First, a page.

From a discussion in the comment section on a Pharyungula post came the conjecture that e-readers will make books obsolete. It's an interesting conjecture, one that might have plausibility given how we've seen other media made obsolete by advances in technology. Born into a world with cassettes and records, first the CD and then the MP3 format have changed how society listens to music. Cassettes are dead, records limited to an esoteric market. CDs are currently in decline.
I still buy CDs, but I'm really not sure why any more. Any CD I buy goes straight in the computer to be digitised into MP3s. Then that CD sits unused on a shelf taking up space. MP3s don't have the fidelity of CDs but that doesn't really matter. It sounds almost the same and is far more convenient. Truth is that most people don't need CD quality, especially when listening through the terrible generic iPod headphones.
And as for portability, I have access to my music on my computer, on a network media player, and on my MP3 player at the push of a button. Instant access of digital music pretty much whenever and wherever I want. CDs just can't compare, not to mention are more prone to data loss through the flimsy nature of CDs. But what of books?
To think of media like music or video, it's important to remember our relationship with the product. A record is useless without a record player, as is a CD or an MP3. A record player is useless without a record, just as a record is useless without a record player. To simplify things, the record is the information content and the record player is what changes the information into music.
This is the digital gap. Take the text file on your computer, the medium it is stored in is a series of 1s and 0s that can be decoded into text. It's hardly a complicated shift, but one nonetheless. To make it a little more complex, that decoded message is then encoded into the output format to be displayed.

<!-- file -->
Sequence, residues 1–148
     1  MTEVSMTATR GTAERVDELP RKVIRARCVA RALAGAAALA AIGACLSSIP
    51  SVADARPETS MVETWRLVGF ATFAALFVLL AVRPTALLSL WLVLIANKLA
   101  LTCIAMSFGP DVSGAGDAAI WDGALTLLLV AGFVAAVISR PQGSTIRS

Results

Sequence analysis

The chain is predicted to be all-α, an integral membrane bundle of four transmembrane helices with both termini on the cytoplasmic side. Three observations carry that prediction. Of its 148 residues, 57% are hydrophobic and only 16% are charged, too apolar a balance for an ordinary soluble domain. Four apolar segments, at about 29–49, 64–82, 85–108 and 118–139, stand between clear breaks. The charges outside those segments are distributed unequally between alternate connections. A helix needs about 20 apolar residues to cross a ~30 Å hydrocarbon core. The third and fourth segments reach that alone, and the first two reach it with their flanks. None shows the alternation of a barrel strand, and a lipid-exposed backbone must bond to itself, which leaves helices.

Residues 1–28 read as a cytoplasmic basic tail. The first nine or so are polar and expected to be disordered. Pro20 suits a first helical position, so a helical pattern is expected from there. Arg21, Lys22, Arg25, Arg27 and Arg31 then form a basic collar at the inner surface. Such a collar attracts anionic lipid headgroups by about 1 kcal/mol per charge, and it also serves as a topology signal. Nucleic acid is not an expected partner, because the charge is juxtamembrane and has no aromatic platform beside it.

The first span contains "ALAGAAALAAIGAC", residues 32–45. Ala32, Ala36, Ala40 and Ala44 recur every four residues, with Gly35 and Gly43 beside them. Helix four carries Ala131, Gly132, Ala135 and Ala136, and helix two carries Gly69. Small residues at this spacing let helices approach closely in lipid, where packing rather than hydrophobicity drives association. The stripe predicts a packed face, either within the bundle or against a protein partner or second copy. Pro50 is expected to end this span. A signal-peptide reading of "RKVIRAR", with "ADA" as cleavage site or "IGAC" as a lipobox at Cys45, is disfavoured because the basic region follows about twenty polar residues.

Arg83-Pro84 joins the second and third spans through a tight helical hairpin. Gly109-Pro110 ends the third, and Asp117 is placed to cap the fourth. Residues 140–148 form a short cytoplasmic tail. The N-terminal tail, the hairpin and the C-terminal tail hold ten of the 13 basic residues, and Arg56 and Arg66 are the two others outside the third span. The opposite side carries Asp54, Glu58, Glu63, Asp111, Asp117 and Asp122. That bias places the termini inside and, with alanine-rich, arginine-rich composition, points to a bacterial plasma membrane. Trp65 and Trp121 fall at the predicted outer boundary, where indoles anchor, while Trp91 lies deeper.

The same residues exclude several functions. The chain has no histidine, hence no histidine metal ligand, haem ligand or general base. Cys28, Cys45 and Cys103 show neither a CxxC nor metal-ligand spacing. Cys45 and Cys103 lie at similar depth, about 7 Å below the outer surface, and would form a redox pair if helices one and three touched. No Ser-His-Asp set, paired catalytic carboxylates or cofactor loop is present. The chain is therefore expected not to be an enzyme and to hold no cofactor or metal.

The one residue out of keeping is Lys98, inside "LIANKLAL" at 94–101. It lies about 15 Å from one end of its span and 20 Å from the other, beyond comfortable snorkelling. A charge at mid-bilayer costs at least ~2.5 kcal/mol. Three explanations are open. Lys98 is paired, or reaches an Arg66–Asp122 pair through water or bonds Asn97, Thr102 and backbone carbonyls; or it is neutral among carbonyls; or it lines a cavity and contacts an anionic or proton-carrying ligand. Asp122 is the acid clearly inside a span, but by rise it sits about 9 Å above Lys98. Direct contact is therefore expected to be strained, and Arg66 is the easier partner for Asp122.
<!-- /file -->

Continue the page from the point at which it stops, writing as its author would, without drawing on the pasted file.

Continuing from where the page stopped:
By contrast, a book in itself doesn't need any of that translation. The information content as in the medium by which it is viewed. When you buy a CD or a DVD, you're buying the information. But to use that information you need a medium which can translate it. A book has no such requirements, once in possession of the book it can be viewed anywhere without needing to be decoded.
Consider even the problem of translation. If like me you have a lot of books, getting them into a digital format is tough. CD to MP3 is really easy, it's a digital to digital transition. Even an analogue to digital transition between record and MP3 can be done without too much difficulty (though cleaning up a record is time-consuming). But to spend time digitising books is a huge and lossy endeavour - all for the same portability as a book affords.
A digital future
This is not to argue that e-books aren't a good idea. There are several advantages to e-books and to owning an e-book reader. The first is distribution. We don't even need to imagine the instantaneous, low-cost delivery system. Most books being less than the size of a song in terms of data, getting information and having access to it anywhere in the world is a great idea.
Since I'm a programmer I have a number of programming textbooks. Carrying these around is no easy task, I'm shuddering at the thought of moving because of the number of books I have. Digital media makes sense for a lot of tasks, if I had my collection purely electronic I would have my entire library on a small medium. Textbooks are much worse for this than novels.